Leatherhead Food International – tomorrow’s science for today’s food & drink industry?
Leatherhead Food International (LFI) is a provider of scientific research, information and consultancy for the global food and drink sector. It is renowned for its comprehensive World Food Legislation services, applied Bioscience Research and Food Ingredient expertise. Paul Berryman gives an overview of LFI’s capabilities to develop innovative solutions to the major issues facing the food & drinks sector.
Founded in 1919 as a membership organisation to carry out research for the UK food industry, LFI has become a thoroughly modern customer-focussed consultancy equipped for the technological challenges of the 21st Century. It still has over 1,000 members worldwide and its membership list reads like a who’s who of the food industry, including most of the major multinationals and household names from the retailing sector.
LFI is application driven, having a clear understanding of the fundamental skills needed to turn good science into commercial reality. A unique feature of LFI’s portfolio is that it covers all the services needed to bring a product from inception to launch (see Table 1).
This article summarises the challenges and opportunities facing the food and drink industry and shows how LFI can help businesses tackle those issues.
Food Industry Challenges
Nutrition and health is very high on the food industry agenda. Latest UK statistics predict that 20 per cent of boys and 33 per cent of girls will be clinically obese by the year 2020. The incidence of Type 2 diabetes and cardiovascular disease is increasing and the Government is spearheading low fat, low salt and low sugar campaigns. It will be a challenge to society to reverse this obesity trend. The food industry can help via informative labelling. LFI can also help by developing healthy alternatives. We have carried out research to develop many low fat, low salt and low sugar products. A few examples include:
- Developing low calorie mayonnaise that tastes good. Instead of adding starch to replace fat, we are developing a clever double emulsion technology that reduces fat by putting a hole in the middle of the fat globules. Result – less fat, same mouthfeel.
- Experimenting with salt crystal shape and structure to produce low salt crisps with the same initial burst of salty taste.
LFI has experience in designing and implementing human nutrition trials and working with volunteers. Its dedicated human nutrition facility is also used for glycaemic index and satiety studies. A dedicated cell culture facility, using an in-vitro cell model to investigate the uptake of dietary components is also available.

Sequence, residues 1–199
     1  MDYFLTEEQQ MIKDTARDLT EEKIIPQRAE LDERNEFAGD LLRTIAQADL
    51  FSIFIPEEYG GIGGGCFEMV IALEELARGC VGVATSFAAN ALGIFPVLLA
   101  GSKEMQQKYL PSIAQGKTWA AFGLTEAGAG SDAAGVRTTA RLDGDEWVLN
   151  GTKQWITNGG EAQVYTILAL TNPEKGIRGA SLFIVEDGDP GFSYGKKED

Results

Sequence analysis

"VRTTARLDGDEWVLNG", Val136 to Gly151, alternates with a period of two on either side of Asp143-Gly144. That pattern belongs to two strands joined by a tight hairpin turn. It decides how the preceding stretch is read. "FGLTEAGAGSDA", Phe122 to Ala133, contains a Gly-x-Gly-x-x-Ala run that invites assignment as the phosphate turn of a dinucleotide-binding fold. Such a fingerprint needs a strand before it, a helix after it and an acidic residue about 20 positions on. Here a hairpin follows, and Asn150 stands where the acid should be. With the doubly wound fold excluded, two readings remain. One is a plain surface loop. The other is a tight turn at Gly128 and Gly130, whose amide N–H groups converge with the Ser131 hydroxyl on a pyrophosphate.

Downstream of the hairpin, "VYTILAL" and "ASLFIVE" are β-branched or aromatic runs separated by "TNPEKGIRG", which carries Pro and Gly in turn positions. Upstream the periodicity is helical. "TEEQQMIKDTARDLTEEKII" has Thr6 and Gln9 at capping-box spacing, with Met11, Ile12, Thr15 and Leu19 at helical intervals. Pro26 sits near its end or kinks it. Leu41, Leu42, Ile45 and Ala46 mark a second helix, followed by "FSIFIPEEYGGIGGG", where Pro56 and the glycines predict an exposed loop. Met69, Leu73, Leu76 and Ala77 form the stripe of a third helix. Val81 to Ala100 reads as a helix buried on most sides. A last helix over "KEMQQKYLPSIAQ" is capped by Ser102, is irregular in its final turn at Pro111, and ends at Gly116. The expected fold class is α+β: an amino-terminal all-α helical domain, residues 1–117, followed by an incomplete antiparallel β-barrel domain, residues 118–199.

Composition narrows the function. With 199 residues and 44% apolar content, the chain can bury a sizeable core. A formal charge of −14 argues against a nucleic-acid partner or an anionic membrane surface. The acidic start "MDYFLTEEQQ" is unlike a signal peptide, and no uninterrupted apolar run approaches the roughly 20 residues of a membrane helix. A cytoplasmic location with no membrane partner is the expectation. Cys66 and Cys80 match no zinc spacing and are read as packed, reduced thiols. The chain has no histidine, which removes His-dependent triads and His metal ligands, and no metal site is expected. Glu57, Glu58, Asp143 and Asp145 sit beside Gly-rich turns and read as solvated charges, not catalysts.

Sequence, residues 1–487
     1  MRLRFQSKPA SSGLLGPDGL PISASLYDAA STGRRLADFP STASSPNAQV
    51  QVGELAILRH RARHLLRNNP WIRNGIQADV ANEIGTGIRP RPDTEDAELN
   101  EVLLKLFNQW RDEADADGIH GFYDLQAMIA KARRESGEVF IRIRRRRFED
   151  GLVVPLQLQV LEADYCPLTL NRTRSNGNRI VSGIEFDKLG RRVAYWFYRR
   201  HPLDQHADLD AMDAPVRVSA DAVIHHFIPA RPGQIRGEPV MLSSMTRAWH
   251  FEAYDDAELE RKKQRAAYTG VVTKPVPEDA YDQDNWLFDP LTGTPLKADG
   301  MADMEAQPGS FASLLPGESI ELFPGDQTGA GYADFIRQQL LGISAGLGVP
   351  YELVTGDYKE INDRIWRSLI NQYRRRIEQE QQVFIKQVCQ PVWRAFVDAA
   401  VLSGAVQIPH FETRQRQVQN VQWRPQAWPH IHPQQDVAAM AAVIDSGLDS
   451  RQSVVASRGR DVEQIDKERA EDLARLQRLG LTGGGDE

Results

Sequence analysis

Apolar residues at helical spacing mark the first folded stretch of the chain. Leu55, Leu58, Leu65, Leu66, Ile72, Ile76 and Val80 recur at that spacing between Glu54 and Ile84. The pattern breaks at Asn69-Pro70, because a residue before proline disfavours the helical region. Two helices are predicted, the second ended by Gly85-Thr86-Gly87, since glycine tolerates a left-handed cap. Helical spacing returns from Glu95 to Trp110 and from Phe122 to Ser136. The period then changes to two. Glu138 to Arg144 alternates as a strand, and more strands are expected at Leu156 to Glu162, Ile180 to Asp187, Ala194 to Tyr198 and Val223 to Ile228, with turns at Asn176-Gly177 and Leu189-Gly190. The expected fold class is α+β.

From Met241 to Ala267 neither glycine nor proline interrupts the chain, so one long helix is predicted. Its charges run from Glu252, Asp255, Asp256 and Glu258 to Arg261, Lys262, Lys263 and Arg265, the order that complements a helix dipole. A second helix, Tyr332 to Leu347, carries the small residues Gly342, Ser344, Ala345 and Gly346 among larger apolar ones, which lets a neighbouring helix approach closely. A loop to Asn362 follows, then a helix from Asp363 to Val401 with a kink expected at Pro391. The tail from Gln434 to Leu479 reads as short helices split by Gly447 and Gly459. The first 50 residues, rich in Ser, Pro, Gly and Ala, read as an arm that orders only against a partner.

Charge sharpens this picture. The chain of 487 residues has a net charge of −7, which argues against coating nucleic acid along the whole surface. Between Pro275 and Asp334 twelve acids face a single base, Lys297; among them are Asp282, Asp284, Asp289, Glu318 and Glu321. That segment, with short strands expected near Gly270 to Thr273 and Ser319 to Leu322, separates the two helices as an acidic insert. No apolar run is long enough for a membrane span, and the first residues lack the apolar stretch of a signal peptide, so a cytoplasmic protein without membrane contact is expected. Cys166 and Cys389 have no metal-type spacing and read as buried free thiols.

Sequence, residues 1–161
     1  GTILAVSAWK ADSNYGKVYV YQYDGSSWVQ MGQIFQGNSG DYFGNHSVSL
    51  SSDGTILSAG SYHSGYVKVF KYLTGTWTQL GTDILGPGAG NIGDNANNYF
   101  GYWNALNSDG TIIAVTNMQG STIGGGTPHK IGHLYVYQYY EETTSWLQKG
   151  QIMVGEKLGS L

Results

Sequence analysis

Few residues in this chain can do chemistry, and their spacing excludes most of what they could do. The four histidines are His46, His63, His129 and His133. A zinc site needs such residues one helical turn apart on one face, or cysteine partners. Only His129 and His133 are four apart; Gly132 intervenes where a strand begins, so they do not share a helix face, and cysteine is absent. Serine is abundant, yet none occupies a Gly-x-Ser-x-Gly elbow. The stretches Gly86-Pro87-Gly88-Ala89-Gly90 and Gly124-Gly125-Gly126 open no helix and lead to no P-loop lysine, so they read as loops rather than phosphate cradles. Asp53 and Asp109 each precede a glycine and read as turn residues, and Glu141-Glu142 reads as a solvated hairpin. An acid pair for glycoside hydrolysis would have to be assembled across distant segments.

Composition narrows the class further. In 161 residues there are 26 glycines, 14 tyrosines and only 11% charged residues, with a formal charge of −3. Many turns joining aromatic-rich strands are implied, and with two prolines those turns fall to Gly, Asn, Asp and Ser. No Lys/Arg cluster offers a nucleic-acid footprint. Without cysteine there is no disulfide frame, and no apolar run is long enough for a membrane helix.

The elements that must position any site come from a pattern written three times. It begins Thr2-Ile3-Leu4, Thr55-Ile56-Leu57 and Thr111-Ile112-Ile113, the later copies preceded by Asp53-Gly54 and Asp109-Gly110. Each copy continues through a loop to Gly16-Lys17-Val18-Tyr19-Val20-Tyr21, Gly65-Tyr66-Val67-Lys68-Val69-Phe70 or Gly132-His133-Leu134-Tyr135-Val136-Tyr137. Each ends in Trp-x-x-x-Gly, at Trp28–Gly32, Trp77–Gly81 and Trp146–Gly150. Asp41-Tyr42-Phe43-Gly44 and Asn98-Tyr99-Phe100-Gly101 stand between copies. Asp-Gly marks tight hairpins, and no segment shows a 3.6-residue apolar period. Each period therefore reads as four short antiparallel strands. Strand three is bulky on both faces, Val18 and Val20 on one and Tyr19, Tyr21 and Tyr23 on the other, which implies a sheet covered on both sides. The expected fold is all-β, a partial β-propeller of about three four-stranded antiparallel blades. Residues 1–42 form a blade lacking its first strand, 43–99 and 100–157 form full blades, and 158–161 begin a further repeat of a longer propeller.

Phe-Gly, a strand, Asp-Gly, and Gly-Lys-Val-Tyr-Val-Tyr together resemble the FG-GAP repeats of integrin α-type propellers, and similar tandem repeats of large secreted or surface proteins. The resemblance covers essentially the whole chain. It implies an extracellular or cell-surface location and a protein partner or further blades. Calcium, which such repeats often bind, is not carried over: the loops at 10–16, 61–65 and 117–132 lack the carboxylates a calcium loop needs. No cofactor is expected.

Another key trend is that consumers not only expect food to be safe but also want it to be produced ethically and in an environmentally friendly way. These new demands for “ethical” and “sustainable” foods are somewhat contradictory. For example, some consumers will pay more for locally produced foods that cut down on “food miles”. Other consumers will pay more for food shipped thousands of miles from third world countries, in order to help the poor. LFI has the expertise to carry out consumer and sensory research to identify the root causes of customer preferences. LFI’s new Seminar – Large scale ethical food production – meeting the challenge of consumer demand will give the food industry an opportunity to explore these key issues in September.
However, these are just two of the challenges facing today’s food industry. A more comprehensive list is given in Table 2.
So how can LFI help? Here is a brief overview of LFI’s extensive portfolio of services designed to help the food industry develop innovative solutions to these challenges. Some example case studies are shown here.
Companies use LFI’s Market Intelligence Team to track developments in global food markets and identify opportunities and trends. It provides off-the shelf market reports, databases and customised on-line portal feeds giving the latest food market information. LFI’s unusual marriage of commerce, science and law enable it to produce a wide range of market intelligence reports for the food industry, including:
- The European Ethnic Foods Market
- The international low and light food and drinks market
- Confectionery Innovation report
- Key players in the functional foods market
Regulatory and Technical Consultancy
The Regulatory & Technical Consultancy Service (RTCS) offers genuine global regulatory coverage combined with scientific and technical support. The Regulatory team covers 142 countries and is fluent in 16 different languages. So companies wishing to export their products to China, India, USA or anywhere else in the world can access the latest food laws relating to those countries.
Its technical abstracting capabilities are second to none. The library resources are unrivalled in the private sector – over 17,000 books and 650 monthly journals form part of this vital asset – not to mention a technical and regulatory help desk that handles over 10,000 enquiries a year.
The technical team offer advice with food safety and microbiological issues, guidance on key health and nutrition trends, product or process troubleshooting and the properties and applications of specific ingredients.